Start your son's journey on the Cub Scout achievement trail on June 6th
By now, you may have caught a "Join Cub Scout" sign while watching Medfield's Memorial Day celebration or when passing along a local road or ballfield. The sign announces Pack 113 and 200's sign-up night on Wednesday, June 6, from 6-8 PM at the Memorial School Gym. Families of boys entering next year's first though fifth grades are invited to share in the fun, good will, and sense of pride that accompanies every scout along his achievement trail.
First graders start as Tiger Cubs. They meet with a half-dozen to eight other boys as a den along with their parents. Tigers have only five achievements to complete, comprised of three types of activities each: one performed with the family in the home, one performed in the den setting, and one completed as a "Go See It," when the boys visit the Police Station's holding cell, take in a MHS basketball game, or go on a hike in the Medfield wilderness. Parents take turns hosting the den meetings or organizing the local “Go See It” trips. While earning beads with every requirement, their big moment arrives in March when the scouts receive their official Tiger badge.
The second and third grade programs are similar, with parents taking turns to help the den to complete the Wolf and Bear trails. The Wolf year introduces the boys to fitness, nutrition, personal and family safety, and the proper use and care of tools, among the total of twelve achievements required. Similarly, the Bear year requires the completion of twelve achievements -- but this time out of a total of 24 choices, giving the scout, his family, and his den a more personalized path of accomplishment. Skills receive greater emphasis, as the boys learn their knots and earn their “Whittling Chip” card while carving bars of soap into animal shapes.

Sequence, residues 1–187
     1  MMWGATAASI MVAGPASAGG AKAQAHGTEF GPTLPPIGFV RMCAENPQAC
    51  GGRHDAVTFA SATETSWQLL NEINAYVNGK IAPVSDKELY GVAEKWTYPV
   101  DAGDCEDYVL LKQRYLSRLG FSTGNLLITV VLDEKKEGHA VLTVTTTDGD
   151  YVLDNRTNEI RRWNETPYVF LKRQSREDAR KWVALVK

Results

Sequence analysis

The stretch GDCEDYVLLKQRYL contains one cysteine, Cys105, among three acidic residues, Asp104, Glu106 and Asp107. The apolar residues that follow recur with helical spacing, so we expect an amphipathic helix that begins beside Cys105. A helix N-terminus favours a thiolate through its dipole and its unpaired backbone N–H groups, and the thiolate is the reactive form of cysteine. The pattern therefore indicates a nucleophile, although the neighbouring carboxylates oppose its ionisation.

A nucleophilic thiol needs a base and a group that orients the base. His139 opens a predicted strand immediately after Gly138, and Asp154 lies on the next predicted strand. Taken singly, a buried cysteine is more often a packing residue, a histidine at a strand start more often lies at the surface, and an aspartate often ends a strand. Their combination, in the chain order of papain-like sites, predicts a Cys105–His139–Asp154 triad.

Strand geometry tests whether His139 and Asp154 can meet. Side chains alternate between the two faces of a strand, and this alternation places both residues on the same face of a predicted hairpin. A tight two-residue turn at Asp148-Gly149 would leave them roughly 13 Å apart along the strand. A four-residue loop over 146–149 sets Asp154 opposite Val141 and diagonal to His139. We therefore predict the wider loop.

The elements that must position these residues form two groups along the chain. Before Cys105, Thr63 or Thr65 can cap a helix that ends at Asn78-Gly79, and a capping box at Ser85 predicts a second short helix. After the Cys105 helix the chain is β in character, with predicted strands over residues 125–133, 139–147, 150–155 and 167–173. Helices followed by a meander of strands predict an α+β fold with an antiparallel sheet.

By the time the boys reach the fourth and fifth grades, they are ready for more formal adult leadership and to assume some den responsibilities themselves. The Webelos den meetings are customarily held in the Den Leader's or Assistant Den Leader's home, but all of the parents continue to chip-in to help teach the skills that distinguish Cub Scouting's most decorated years. A parent with a first-aid background may teach Readyman, a parent with a few wood shop tools may teach Craftman and help the boys to construct their own toolbox. Different Webelos dens may combine to complete the Artist, Scientist, Engineer, or Naturalist requirements or any one out of the possible twenty offerings that the Webelos scouts can complete. Physical fitness, outdoors experiences, and citizenship education guide them to their Webelos badge, and beyond it toward Cub Scouting's highest award: the Arrow of Light. Whether a boy has earned just-enough recognition or has completed all twenty Webelos pins, the standard of achievement throughout the scouting experience remains the same: “Do Your Best.”
You may have seen the Cub Scout badges, pins, beads, beltloops, and the many insignia march by on Memorial Day. The Cub Scout program recognizes and celebrates the steady progress of boys throughout their elementary years. Why not start your son's adventure along Scouting's achievement trail by joining Cub Scouts on June 6?